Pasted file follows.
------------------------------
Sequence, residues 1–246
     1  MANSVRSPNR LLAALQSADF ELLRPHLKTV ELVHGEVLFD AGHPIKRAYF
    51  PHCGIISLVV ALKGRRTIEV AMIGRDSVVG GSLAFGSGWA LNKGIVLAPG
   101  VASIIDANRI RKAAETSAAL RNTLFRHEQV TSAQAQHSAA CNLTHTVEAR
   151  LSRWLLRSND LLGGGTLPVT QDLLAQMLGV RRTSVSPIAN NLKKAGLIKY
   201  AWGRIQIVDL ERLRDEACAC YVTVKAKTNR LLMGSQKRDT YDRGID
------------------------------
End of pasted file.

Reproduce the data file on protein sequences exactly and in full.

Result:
Sequence, residues 1–246
     1  MANSVRSPNR LLAALQSADF ELLRPHLKTV ELVHGEVLFD AGHPIKRAYF
    51  PHCGIISLVV ALKGRRTIEV AMIGRDSVVG GSLAFGSGWA LNKGIVLAPG
   101  VASIIDANRI RKAAETSAAL RNTLFRHEQV TSAQAQHSAA CNLTHTVEAR
   151  LSRWLLRSND LLGGGTLPVT QDLLAQMLGV RRTSVSPIAN NLKKAGLIKY
   201  AWGRIQIVDL ERLRDEACAC YVTVKAKTNR LLMGSQKRDT YDRGID